Nov. 29, 2015 SIGN IN | REGISTER

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“Our inbox is never at zero. It can be a pretty daunting task and it can be hard to hit every day,” he said. “I understand the amount of work they have, and they still have a smile on their faces.”

McElwee said it’s the thank you notes and phone calls from constituents that keep him and his staff going. For instance, he recently received an appreciative call from a constituent from the district who was able to fend off a mortgage lender after a staffer in Pennsylvania helped him get the paperwork he needed. “It doesn’t get any better than that,” he said. “That’s the part that shows who the staff is.”

Hiring staff members can be a lengthy process. McElwee likes candidates to meet not only with him and Dent, but also with the lower-level staffers.

“I try to go through multiple interviews on the staff level. It’s important to have some of the junior staff involved so I can get their input,” he said.

McElwee seems to have made good choices in the past. After all, five of his employees are first-generation Dent staffers who have stayed on since his taking office in 2005. Though he spends most of his time with the D.C. staff, McElwee is quick to praise those who work in the district.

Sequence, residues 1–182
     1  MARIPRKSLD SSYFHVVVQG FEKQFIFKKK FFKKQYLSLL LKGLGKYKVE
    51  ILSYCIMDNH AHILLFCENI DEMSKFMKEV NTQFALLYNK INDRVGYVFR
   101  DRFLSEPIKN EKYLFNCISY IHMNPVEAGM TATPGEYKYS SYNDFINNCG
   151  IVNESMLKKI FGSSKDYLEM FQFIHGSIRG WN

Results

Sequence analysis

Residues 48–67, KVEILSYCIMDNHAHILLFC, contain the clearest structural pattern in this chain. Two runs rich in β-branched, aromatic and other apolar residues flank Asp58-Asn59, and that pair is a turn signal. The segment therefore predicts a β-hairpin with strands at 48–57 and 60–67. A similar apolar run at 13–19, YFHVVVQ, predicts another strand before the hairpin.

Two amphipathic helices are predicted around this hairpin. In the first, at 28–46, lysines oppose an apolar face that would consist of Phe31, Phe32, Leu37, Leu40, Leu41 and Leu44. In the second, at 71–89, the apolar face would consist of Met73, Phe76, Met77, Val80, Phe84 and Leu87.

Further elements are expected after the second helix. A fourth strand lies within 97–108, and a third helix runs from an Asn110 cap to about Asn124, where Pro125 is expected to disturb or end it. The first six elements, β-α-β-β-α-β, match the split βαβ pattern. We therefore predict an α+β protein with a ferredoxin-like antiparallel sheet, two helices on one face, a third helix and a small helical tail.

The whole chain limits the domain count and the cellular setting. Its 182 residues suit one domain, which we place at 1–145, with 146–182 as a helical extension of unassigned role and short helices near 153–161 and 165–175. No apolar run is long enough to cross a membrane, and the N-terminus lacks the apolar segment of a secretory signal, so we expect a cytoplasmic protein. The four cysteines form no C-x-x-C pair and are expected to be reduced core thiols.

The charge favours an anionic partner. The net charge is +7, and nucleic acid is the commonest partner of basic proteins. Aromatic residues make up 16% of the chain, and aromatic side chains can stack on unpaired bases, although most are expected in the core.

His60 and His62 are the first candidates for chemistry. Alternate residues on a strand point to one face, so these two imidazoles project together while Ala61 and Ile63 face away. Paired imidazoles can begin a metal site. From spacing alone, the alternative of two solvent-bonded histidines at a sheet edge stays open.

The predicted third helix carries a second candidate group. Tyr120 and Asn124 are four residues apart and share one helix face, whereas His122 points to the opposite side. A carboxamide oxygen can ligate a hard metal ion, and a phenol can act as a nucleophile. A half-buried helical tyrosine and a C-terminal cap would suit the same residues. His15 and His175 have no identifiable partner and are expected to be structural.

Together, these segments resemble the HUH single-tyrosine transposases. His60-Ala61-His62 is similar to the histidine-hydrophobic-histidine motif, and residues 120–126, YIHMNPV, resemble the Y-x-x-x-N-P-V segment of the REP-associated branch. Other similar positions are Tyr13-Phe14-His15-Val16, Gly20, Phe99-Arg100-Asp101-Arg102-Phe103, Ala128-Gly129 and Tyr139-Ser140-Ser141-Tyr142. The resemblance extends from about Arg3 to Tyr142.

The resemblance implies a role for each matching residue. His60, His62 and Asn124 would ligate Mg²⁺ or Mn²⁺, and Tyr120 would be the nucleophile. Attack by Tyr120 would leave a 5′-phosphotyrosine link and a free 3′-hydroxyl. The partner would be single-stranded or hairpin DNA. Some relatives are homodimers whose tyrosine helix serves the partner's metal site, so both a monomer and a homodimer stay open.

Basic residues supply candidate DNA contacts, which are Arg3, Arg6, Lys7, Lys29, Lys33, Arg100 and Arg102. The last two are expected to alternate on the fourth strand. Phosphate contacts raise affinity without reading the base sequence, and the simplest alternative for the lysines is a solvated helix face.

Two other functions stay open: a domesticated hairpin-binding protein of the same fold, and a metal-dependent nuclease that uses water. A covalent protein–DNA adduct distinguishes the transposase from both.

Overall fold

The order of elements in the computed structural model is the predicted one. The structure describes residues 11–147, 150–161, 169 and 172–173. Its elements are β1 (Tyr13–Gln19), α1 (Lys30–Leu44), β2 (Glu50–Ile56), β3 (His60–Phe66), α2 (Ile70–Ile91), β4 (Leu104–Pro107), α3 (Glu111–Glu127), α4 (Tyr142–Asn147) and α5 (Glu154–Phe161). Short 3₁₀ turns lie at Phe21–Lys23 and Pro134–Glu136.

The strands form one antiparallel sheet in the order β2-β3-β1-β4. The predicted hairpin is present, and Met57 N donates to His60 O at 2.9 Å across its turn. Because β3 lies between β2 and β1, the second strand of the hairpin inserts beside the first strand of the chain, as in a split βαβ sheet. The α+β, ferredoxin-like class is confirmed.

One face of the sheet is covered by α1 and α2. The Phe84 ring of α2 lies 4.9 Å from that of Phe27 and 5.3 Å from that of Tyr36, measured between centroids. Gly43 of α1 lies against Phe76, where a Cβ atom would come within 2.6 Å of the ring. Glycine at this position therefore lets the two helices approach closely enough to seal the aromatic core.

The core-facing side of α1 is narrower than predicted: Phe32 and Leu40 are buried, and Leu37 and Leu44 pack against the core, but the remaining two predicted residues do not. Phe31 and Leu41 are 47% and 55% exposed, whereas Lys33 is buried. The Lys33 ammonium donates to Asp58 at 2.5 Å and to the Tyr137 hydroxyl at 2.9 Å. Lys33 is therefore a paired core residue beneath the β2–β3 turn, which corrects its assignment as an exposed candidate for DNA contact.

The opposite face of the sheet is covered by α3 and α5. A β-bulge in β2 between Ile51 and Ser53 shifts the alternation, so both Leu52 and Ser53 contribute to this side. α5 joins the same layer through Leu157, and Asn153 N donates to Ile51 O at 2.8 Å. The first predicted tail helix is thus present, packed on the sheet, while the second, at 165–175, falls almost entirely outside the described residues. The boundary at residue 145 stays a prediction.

“Just as vital is the staff in Pennsylvania,” he added. “Sometimes they’re not thanked as often as they should be.”

Keeping district and Washington staff on the same page can be a bit tricky, but McElwee has found a way to manage. “I have weekly staff meetings with the D.C. staff and we have the Pennsylvania staff on through conference call,” he said. This is a time for both staffs to share their experiences and ideas. He said it is particularly helpful when Pennsylvania staffers share stories about the casework they are dealing with so that the D.C. staffers understand what is important to constituents.

While synergy between the offices is important, McElwee also places a high value on professional growth. He often tells his staff to “advance until challenged” and encourages his subordinates to take classes and pursue higher degrees. Two members of the staff recently began graduate classes at the Naval War College, and another completed law school at Georgetown University.

“I stand in awe of not only their dedication and loyalty to the office, but their enthusiasm in advancing their education,” McElwee said.

This support from their boss may be the reason some staffers stick around for so long.

“I want them to feel free to initiate different programs or ideas that they have on how the office can better serve the constituents,” he said. “I don’t want anyone on staff to think they can’t do something,”

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